§ THE SECRETARY OF STATE FOR THE COLONIES (VISCOUNT CRANBORNE) (Lord Cecil) had the following Notices on the Paper:
§ To move to resolve, That an humble Address be presented to His Majesty to express the deep sorrow of this House at the great loss which His Majesty has sustained by the death on active service of Air-Commodore His Royal Highness Prince George Edward Alexander Edmund Duke of Kent, K.G., K.T., G.C.M.G., G.C.V.O., member of His Majesty's most honourable Privy Council, and to condole with His Majesty on this melancholy occasion: to assure His Majesty that this House shares the general feeling of sorrow for the heavy bereavement which His Majesty has sustained by the death of a prince highly esteemed and beloved by His Majesty's subjects, and to express to His Majesty the dutiful and loyal interest which this House will ever feel in all that may concern His Majesty and the Royal Family.
§ To move to resolve, That this House do condole with Her Royal Highness the Duchess of Kent on the sad bereavement which Her Royal Highness has sustained by the death on active service of Air-Commodore His Royal Highness the Duke of Kent, K.G., K.T., G.C.M.G., G.C.V.O.
§ The noble Viscount said: My Lords, ours is a tragic generation. We live in times very different from those of our fathers. Rarely does a day pass without our being faced with some painful happening. The world is drenched with blood; we are glutted with horrors. One might almost have imagined that we had become hardened to grief and suffering; but even now from time to time an event will occur which still has power to shock the world. Such an event is that of which it is my sad duty to speak to your Lordships today, in moving that an humble Address 266 be presented to His Majesty on the death of His Royal Highness the Duke of Kent.
§ The deplorable disaster in which His Royal Highness lost his life has robbed this country of a prince who had already played a great part in our national life, and who, it seemed, had clearly an even greater part to play in the future. The Duke of Kent was a man of no ordinary attainments; he had brilliant qualities of vitality and vision; he had swift and shrewd judgment. It was my good fortune to have occasional conversations with His Royal Highness on matters connected with the Empire, a subject in which he always showed a passionate interest; and the last time was only a few days ago, on the very day on which he started on the journey which led to his death. He was looking forward keenly to his visit to Iceland; he was, as always, glad to be able to do anything to help. His main preoccupation was that he could not do more. I remember thinking, as I went away, what a brilliant future lay before him. And now that future is no more; his life, which had in it so much of promise, has been suddenly and brutally cut short.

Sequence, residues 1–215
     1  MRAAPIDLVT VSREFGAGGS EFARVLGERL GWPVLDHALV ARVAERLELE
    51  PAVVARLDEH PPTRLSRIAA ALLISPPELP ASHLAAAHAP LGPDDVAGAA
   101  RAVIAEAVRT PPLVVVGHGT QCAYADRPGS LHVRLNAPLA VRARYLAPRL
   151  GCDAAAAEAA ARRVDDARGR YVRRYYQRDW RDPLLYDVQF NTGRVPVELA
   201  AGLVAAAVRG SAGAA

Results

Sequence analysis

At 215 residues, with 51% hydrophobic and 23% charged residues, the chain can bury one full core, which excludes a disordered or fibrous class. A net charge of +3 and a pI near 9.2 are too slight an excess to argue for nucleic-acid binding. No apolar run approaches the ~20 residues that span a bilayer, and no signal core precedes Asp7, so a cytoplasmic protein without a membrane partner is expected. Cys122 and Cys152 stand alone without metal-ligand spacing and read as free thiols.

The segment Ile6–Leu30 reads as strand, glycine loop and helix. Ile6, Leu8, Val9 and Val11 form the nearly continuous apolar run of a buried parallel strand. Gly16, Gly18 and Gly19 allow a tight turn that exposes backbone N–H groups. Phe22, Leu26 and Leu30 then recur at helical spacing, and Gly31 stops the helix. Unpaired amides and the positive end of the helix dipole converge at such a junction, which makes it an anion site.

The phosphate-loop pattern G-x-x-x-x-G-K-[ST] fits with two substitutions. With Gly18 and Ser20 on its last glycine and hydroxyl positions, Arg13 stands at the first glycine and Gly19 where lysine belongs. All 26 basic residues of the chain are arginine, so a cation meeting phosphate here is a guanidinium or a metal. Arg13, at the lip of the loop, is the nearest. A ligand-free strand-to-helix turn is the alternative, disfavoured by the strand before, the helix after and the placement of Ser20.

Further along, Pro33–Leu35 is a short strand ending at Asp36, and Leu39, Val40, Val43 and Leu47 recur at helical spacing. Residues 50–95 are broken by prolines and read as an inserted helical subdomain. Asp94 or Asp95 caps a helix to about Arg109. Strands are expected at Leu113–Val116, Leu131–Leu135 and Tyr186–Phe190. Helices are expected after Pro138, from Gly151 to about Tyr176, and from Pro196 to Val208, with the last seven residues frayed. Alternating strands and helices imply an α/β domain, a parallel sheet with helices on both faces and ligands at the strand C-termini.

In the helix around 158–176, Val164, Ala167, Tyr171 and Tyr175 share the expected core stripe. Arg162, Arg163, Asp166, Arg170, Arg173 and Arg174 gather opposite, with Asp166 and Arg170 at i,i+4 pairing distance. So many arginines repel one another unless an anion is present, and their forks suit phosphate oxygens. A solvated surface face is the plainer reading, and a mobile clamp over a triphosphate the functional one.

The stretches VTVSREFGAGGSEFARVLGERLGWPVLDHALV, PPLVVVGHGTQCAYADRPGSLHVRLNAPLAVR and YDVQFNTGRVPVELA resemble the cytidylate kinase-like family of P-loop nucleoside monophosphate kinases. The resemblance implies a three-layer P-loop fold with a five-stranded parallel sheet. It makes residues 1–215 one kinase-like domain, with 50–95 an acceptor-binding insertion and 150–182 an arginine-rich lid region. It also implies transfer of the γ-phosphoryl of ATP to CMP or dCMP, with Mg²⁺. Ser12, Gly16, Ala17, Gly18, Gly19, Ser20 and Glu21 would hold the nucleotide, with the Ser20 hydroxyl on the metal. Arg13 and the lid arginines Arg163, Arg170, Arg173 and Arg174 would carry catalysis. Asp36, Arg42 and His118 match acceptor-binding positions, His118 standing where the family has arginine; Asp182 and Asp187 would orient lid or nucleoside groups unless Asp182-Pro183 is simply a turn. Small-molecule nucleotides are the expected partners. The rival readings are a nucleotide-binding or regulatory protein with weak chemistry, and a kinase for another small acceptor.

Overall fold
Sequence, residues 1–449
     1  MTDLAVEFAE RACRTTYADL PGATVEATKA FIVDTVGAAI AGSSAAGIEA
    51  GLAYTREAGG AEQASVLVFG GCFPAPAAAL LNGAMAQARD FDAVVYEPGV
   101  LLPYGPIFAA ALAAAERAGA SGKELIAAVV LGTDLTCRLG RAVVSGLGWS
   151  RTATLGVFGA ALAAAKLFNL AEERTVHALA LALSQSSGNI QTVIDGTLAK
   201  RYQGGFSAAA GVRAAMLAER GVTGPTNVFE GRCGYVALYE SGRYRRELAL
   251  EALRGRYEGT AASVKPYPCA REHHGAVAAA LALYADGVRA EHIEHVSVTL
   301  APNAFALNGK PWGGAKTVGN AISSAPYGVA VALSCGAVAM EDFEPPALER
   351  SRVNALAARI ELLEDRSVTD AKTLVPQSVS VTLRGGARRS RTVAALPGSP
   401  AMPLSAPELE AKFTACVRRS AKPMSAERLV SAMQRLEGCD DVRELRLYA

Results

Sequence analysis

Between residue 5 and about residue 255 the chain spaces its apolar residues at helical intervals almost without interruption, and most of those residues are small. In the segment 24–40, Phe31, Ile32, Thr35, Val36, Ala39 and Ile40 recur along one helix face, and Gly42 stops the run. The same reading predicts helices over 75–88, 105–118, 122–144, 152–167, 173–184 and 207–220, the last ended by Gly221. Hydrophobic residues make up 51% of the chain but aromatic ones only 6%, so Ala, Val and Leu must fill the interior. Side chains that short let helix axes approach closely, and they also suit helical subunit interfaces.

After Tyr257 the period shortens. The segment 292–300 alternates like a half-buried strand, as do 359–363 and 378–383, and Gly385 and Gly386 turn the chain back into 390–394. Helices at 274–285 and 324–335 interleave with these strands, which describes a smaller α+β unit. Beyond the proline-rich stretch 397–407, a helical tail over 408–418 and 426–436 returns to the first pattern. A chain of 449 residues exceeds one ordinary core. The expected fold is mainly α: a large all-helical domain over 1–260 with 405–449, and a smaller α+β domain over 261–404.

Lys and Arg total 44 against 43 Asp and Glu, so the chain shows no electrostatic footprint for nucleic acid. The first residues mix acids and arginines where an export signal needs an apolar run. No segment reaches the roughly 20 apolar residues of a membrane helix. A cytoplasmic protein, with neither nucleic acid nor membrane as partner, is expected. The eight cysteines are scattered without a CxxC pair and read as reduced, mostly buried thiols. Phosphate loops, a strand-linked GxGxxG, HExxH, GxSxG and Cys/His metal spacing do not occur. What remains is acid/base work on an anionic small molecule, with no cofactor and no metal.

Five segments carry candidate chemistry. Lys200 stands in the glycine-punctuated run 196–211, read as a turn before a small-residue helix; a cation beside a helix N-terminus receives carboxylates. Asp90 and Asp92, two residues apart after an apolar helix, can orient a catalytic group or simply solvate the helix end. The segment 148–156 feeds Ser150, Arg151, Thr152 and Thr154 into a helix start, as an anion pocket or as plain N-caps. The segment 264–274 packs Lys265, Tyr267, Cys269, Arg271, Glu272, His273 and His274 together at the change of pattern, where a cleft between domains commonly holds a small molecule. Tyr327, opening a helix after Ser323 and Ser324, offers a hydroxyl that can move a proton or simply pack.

§ The ways of God are inscrutable, but this we can say: the Duke of Kent's death was not only a noble one; it was symbolic. We in this country are blessed with a Monarchy, and the essence of that Monarchy, the reason above all why it retains the loyalty, the affection and the esteem of the British people, is that not only His Majesty the King but the whole Royal Family are proud to share not only in our joys but in our sorrows and in our dangers. They are bone of our bone and flesh of our flesh. Of this intimate connexion, the Duke of Kent, both in his life and in his death, was an epitome. A prince of outstanding ability, in the plenitude of his powers, blessed with a happy family circle, he has given his life in the service of his country. How often in the last terrible years have the King and Queen and other members of the Royal Family mourned with us in our sorrows! To-day we mourn with them in theirs. In particular, I would express the heartfelt sympathy of your Lordships with Her Royal Highness the Duchess of Kent and their children in their overwhelming sorrow. It would also, I feel sure, be the wish of this House, as of the late Duke himself, that I should express our deep sympathy with the families of those others 267 who, equally in the service of their country, lost their lives in this lamentable disaster. I beg to move.
§ Moved to resolve, That an humble Address be presented to His Majesty to express the deep sorrow of this House at the great loss which His Majesty has sustained by the death on active service of Air-Commodore His Royal Highness Prince George Edward Alexander Edmund Duke of Kent, KG., K.T., G.C.M.G., G.C.V.O., member of His Majesty's most honourable Privy Council, and to condole with His Majesty on this melancholy occasion: to assure His Majesty that this House shares the general feeling of sorrow for the heavy bereavement which His Majesty has sustained by the death of a prince highly esteemed and beloved by His Majesty's subjects, and to express to His Majesty the dutiful and loyal interest which this House will ever feel in all that may concern His Majesty and the Royal Family.—(Viscount Cranborne.)
§ LORD ADDISON
My Lords, on behalf of my noble friends I should like with deep sincerity and with kindred sadness to associate ourselves with the Motions which the noble Viscount has submitted to the House. The noble Viscount indicated that His Royal Highness upheld in his life the splendid traditions of our Royal House, which are an example to the world of how, under wise guidance, monarchical institutions can adjust themselves to changing times, and provide a high example to the whole commonwealth of nations. His Royal Highness lost his life in characteristic, unostentatious service in the interest of the State, in the prime of life, his young wife and his children bereft: a signal example of the waste and sacrifice that are being forced upon the world at this time by the murderous brutality of the Nazis and their insatiable war-makers—which will be overcome, pray God, by free peoples who will make an end of such wickedness. In the time to come no doubt the spot where His Royal Highness met his death will be reverenced and will make a solitary place to be glorious and an inspiration.